Ravens and crows have a poor reputation in many cultures, as they’re associated with death, warfare, trickery, and bad luck. This reputation, along with their black feathers and chilling cry has made them a common part of scary movies and literature. From Alfred Hitchcock’s horror film The Birds to Edgar Allan Poe’s famous poem “The Raven,” the birds regularly appear in popular culture as bad news.
But in fact, crows and ravens are remarkable for their high intelligence and excellent memory. They’re not mindless harbingers of death, but rather persistent, problem-solving creatures that have adapted to living with humans. While they might’ve once been only present on battlefields and other scenes of death, they’ve since adjusted to living in the heart of cities, amidst traffic, busy sidewalks, and confusing noises.
Researchers have only begun to discover how intelligent ravens and crows are. To get an idea of their problem-solving abilities, check out this interesting TED talk by Joshua Klein about the intelligence of crows. Though Klein doesn’t mention ravens, they are as intelligent as crows, too.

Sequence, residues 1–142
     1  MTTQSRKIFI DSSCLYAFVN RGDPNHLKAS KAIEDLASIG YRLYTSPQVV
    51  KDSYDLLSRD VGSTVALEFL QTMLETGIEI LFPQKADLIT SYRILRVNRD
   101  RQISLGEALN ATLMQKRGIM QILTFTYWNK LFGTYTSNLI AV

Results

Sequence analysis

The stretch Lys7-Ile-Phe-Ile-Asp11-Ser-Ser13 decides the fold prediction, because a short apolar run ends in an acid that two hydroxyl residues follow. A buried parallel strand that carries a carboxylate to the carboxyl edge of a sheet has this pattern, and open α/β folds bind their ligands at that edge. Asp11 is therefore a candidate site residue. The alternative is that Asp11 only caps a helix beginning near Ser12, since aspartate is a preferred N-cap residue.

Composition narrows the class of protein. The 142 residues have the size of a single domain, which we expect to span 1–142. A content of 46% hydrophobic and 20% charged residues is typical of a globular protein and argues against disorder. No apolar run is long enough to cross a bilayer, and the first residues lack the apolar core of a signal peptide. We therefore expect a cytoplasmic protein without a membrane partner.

Nevertheless, for photographers, crows and ravens are still ominous subjects that can give photos a haunting atmosphere. They’re a great subject to shoot around Halloween when you’ve had enough of jack o’lanterns and costume parties. Your photos will be moody enough for the holiday, yet also appropriate to display year-round, as crows and ravens aren’t limited to one season.
Photos of Crows and Ravens
Here are a few ideas to consider when photographing crows and ravens, along with 20 inspirational examples.
Crows and ravens are excellent subjects for silhouettes. Because they’re almost completely black, they can create silhouettes even when the lighting isn’t ideal for silhouettes. Perched against the sky, their dark outline can give images a sense of foreboding. For tips on composing images with silhouettes, check out our post about silhouette photography.
Because of their intelligence, ravens and crows can be fascinating birds to watch. If you observe them for long enough, you might be surprised by their ingenuity and clever way of dealing with obstacles. Their keen minds are sometimes apparent in close-ups, as their sharp eyes look into the camera.
Like silhouettes, action shots of ravens or crows flying can have a sinister feel. Whether you’re photographing a single raven or a large group of crows (aptly called a “murder” of crows), your photos can give the impression that something grim is about to happen.